The Sustainable Development Goals (SDGs), also known as the Global Goals, are a universal call to action to end poverty, protect our planet and ensure that all people enjoy peace and prosperity.
This transformative sustainability agenda for 2030 has introduced a paradigm shift towards a more holistic view of development goals, including those related to health and well-being, which require greater intersectoral coherence and inter- and transdisciplinary approaches. The SDGs integrate and balance the three equal dimensions of sustainable development - environment, economy and society - promoting the global vision of living in justice and equity.
Swiss TPH is actively engaged in and directly contributes to the achievement of SDG 3 ("Ensure healthy lives and promote well-being for all at all ages"), and many others of the 17 SDGs. This spans the full spectrum of innovation and research, validation and implementation to sustainably improve and maintain the health and well-being of populations in an integrated manner. Our contributions to sustainable development in health and society are made through basic and applied research, translational application and implementation, and support services. Our teams contribute to various SDG bodies in Switzerland, Europe and at the global level.
Through our research projects and service mandates, we contribute to 14 of the 17 SDGs.
- SDG 3 Ensure healthy lives and promote well-being for all at all ages
- SDG 4 Ensure inclusive and equitable quality education and promote lifelong learning opportunities for all
- SDG 1 End poverty in all its forms everywhere
- SDG 17 Strengthen the means of implementation and revitalize the Global Partnership for Sustainable Development
- SDG 10 Reduce inequality within and among countries
- SDG 5 Achieve gender equality and empower all women and girls
- SDG 6 Ensure availability and sustainable management of water and sanitation for all
- SDG 2 End hunger, achieve food security and improved nutrition and promote sustainable agriculture
- SDG 11 Make cities and human settlements inclusive, safe, resilient and sustainable
- SDG 12 Ensure sustainable consumption and production patterns
- SDG 13 Take urgent action to combat climate change and its impacts
- SDG 8 Promote sustained, inclusive and sustainable economic growth, full and productive employment and decent work for all
- SDG 9 Build resilient infrastructure, promote inclusive and sustainable industrialization and foster innovation
- SDG 14 Conserve and sustainably use the oceans, seas and marine resources for sustainable development
“We should work on emerging issues in health in a more integrated way, including giving special care to waste, nutrition and cultural aspects.”
UN Headquarters, New York, July 12, 2016
The Jeune S3 Programme (2016-2020) focuses on improving adolescent and youth sexual and reproductive health in Cameroon, Central African Republic and DRC (South and North Kivu). By working with young people, communities, schools, the health sector, media, religious and traditional authorities, JeuneS3 aims to strengthen the availability and accessibility of youth friendly services. JeuneS3 also work with local youth organisations to advocate for young people’s rights to quality SRH services and information, within the framework of national, regional and global commitments to meet the needs of young people. More about the Jeune S3 project and latest news on Twitter at @Jeune_S3.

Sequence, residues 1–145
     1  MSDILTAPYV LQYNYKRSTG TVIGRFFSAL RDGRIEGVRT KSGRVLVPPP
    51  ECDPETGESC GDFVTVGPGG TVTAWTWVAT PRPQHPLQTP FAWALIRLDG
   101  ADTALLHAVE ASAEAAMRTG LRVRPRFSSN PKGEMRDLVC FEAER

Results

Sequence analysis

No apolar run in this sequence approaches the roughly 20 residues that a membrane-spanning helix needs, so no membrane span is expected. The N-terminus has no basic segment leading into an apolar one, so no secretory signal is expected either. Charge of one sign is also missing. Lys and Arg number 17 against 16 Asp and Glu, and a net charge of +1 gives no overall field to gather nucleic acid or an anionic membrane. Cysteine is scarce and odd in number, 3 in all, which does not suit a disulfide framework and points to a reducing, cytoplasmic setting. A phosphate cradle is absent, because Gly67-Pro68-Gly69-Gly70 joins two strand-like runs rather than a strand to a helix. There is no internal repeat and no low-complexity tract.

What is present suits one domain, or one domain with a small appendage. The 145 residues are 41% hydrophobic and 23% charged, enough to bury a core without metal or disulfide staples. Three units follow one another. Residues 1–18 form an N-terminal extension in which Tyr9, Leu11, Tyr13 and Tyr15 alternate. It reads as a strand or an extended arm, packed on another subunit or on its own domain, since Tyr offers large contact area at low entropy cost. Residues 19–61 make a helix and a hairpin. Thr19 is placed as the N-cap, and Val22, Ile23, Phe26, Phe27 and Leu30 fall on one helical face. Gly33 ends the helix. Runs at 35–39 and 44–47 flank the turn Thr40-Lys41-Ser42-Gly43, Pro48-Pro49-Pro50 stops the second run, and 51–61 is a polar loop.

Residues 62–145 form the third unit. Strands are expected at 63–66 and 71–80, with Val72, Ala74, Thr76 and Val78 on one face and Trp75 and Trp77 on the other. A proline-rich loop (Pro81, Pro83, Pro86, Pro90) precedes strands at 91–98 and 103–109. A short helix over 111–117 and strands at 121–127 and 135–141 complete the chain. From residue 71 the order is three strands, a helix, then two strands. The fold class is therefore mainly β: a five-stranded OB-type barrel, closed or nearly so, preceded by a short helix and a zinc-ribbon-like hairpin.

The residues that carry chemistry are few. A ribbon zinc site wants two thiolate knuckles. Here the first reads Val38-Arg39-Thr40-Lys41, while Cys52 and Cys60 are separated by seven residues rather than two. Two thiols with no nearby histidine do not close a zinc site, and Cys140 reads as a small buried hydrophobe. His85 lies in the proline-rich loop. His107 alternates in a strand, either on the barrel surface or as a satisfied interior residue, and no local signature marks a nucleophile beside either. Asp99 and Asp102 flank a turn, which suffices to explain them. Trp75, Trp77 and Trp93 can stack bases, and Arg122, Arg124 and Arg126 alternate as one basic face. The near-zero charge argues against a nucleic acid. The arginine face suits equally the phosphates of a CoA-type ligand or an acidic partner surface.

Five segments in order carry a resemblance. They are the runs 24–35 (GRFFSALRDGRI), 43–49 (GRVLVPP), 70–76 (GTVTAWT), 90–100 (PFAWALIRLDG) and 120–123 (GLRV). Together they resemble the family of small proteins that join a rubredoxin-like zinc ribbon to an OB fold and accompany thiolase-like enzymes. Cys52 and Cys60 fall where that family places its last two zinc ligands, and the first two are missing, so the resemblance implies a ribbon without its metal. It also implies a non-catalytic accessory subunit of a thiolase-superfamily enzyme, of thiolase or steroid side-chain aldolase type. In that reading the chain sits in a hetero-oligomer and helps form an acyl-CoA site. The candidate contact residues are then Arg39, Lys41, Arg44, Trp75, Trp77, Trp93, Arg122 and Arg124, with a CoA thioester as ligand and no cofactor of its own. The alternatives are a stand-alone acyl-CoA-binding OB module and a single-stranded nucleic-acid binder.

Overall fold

An AIDS-free generation by 2030 – wishful thinking or a realistic goal? Are the UNAIDS 90-90-90 targets achievable in a resource-limited setting with an extremely high HIV rate such as Lesotho? In 2014, the Swiss TPH initiated the ‘Towards 90-90-90’ development and research collaboration with the Butha-Buthe district in Northern Lesotho. This collaboration includes conducting randomized clinical trials, and observational and molecular studies addressing current challenges and knowledge-gaps around HIV care provision in rural, resource-limited settings. The aim is to provide insights relevant for future HIV guidelines and policies in sub-Saharan African with a particular focus on differentiated care. Read more
Tuberculosis (TB) is globally the main cause of human death due to a single infectious agent. The TB epidemic is worsening due to the emergence of TB bacteria that are resistant to multiple antibiotics. While the molecular changes leading to resistance are well known, the consequences of these changes for the biology and epidemiology of TB remain poorly understood. TbX addresses these questions by combining detailed laboratory experiments with epidemiological field studies in Georgia, one of the WHO “hot-spot” countries for multidrug-resistant TB. More information on the TbX project
The VGtS project (2013- 2017), funded by the Swiss Agency for Development and Cooperation (SDC), was implemented by a consortium of 3 international research partners: Swiss Tropical and Public Health Institute (Switzerland), World Vegetables Centre (Taïwan) and the University of Freiburg (Germany). Being part of a larger international movement to improve nutritional security and reduce malnutrition in line with several of the SDGs, the project aimed at increasing capacities, knowledge and evidence on school gardens, nutrition and water; sanitation and hygiene (WASH) integrated interventions in Bhutan, Burkina Faso, Indonesia, Nepal and Philippines. Read more